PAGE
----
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Oh yes, we actually moved here

Oh yes, we actually moved here

We’ve turned the corner now from everything feeling like a long holiday to more like a new home. Though we’ll be in our temporary flat for another month, and I know I’m royally sick of everything I packed. We ordered a pile of new books for Elliot, as I didn’t really pack all that many for some reason.

We’ve met some American families in our local playground, though Elliot was doing well figuring out how to play without much of a shared language too. Once he starts school and picks up some German, it won’t be an issue. Other families we’ve met are all on fixed-term contracts, so I’m aware we’ll all be saying goodbye in a year or two. We’re here on a permanent transfer, and that changes our outlook somewhat. It’s funny how our years in England have helped us feel less at sea. Even if it’s just knowing what a TV license is, and what paperwork will probably be required for various things.

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The weather has been hot and sticky, and air conditioning is not really a given anywhere. Living in London and Vancouver, though, where it also gets periodically hot and AC isn’t standard, it’s nothing out of the ordinary for us at least. Having a washing machine in our flat is lovely though, considering how much of our small stock of clothing we work through when it’s this hot.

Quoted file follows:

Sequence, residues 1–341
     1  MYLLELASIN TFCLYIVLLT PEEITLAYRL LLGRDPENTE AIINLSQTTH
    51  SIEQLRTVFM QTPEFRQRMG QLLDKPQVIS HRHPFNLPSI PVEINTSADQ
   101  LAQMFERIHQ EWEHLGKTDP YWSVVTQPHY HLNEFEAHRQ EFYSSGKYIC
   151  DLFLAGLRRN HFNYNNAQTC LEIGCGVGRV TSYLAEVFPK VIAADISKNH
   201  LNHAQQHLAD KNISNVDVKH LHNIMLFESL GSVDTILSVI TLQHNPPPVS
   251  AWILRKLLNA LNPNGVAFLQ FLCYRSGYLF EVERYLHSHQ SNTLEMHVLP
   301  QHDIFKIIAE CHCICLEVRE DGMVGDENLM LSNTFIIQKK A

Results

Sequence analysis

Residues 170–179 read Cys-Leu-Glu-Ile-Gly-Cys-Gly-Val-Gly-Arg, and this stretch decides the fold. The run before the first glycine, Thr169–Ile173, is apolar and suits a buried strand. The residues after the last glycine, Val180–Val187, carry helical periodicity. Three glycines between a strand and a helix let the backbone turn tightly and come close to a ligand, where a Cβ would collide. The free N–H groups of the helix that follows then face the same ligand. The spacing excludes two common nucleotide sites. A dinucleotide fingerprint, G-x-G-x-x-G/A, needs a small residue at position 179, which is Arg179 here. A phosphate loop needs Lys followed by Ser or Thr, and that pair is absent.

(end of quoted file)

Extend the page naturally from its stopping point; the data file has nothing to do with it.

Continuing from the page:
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Nothing is open on Sundays when it comes to shops. It’s incredible how much I depend on grocery stores being open whenever when I suddenly realize I need something. We’ve quickly learned to do a checklist on Saturday morning – do we have enough food? Is there anything we were planning to buy this weekend? Because it better happen on Saturday or it’s not happening at all! IKEA is closed, the hardware store is closed, everything is closed except places like pools. It’s meant to encourage family time, and in a way it does, because there is literally nothing else you can do. We are learning to save up activities to do on Sundays. This weekend, we’re heading out to a medieval fair to watch jousting and sword fighting.

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On immigrating, again

On immigrating, again

Moving across the world is one of these things that’s hard to comprehend until you’ve done it. It does feel a bit like a holiday, but a kind of weird holiday that involves buying coffee machines and opening bank accounts.

Last time we did this, we were on our own. I could mope around the Victoria & Albert museum thinking about things after I had sent out a million CVs. Drink tea and eat moderately good scones in the basement cafe.